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Action to bolster NHS workforce and retain senior doctors

The Government has launched a consultation on changes to the NHS Pension Scheme, to retain experienced NHS clinicians and remove the barriers to staff returning from retirement.

The proposals include introducing flexibilities to allow retired and partially retired staff to return to work or increase their working hours without having payments to their pension reduced or suspended. This will allow staff to claim a portion or all of their pension benefits but continue working and contributing to their pension.

The proposals also fix the unintended impacts of inflation, so senior clinicians are not taxed more than is necessary. These measures will enable skilled and experienced staff to continue to contribute to the NHS up to and beyond retirement age.

This means more clinicians to provide appointments, ease winter pressures and deliver care to patients, as well the retention of crucial knowledge and experience to ensure patients are receiving first class care.

Health and Social Secretary, Steve Barclay, said: "The generous NHS Pension Scheme is one of the best in the country, but it’s not working as it should for everyone. We need a system where our most experienced clinicians don’t feel they have to reduce their workload or take early retirement because of financial worries. I also want to make it easier for staff that want to return to work to support the NHS to be able to do so without penalties.

"These proposed changes will help open up extra appointments so patients can see their GP and consultants more quickly. With record numbers of doctors and nurses working in the NHS alongside record funding, I’m focused on giving people the security of knowing the NHS will be there for them when they need it."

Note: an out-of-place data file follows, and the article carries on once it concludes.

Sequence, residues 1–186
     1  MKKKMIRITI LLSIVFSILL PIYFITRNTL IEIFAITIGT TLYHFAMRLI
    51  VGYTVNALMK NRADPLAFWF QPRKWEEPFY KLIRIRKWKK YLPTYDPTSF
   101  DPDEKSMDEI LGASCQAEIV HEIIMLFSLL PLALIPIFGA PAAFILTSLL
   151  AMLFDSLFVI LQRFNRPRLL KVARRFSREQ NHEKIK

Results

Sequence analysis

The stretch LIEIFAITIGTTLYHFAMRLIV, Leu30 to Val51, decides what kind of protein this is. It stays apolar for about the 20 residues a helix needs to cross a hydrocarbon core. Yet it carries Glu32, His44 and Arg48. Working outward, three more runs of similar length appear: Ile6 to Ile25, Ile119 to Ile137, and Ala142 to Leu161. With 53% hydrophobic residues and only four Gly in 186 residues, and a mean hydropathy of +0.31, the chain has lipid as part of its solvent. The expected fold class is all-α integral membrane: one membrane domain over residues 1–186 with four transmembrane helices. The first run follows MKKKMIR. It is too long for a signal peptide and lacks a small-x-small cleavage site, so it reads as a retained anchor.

The consultation will be open for eight weeks and reforms are expected to be implemented in late spring 2023. Major reforms being proposed include:

  • A new partial retirement option to support older staff who want to work more flexibly and enable them to access part of their pension while continuing to contribute to their pension pot. This would allow NHS staff to partially retire, or for those that have retired to return to the workforce, to either claim all or a portion of their pension but continue working and building more pension benefits. Staff will be able to work more flexibly up to and beyond retirement age.
  • Removing limits on hours recently retired staff can work giving them control over the hours they work in the first calendar month after returning. This is a barrier for retired staff considering returning to the NHS which will be removed, helping increase capacity.
  • Allowing retired staff to re-join the pension scheme making returning to work in the NHS more attractive by ensuring senior clinicians and NHS staff can continue to contribute to their pensions from their NHS work.
  • Fixing the interaction between the pension tax system and inflation to ensure senior clinicians have more headroom against the £40,000 pension tax annual allowance. This means senior doctors are either less likely to receive a tax charge, or will receive a smaller tax charge, reducing the likelihood of early retirement.
  • Allowing staff working in primary care networks (PCNs), such as GPs and general practice staff, to access the NHS Pension Scheme. Previously they have had to apply for time-limited access on an ad hoc basis. These proposals will mean they can potentially benefit.

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Upcoming Events

Arab Health 2023

Dubai World Trade Centre
30th January - 2nd February 2023

Central Sterilising Club Annual Scientific Meeting

Crowne Plaza, Newcastle Upon Tyne
3rd - 4th April 2023

DECON UK 2023

Hilton Birmingham Metropole
18th April 2023

Infection Prevention and Control 2023

National Conference Centre, Birmingham
25th - 26th April 2023

Access the latest issue of Clinical Services Journal on your mobile device together with an archive of back issues.

Download the FREE Clinical Services Journal app from your device's App store

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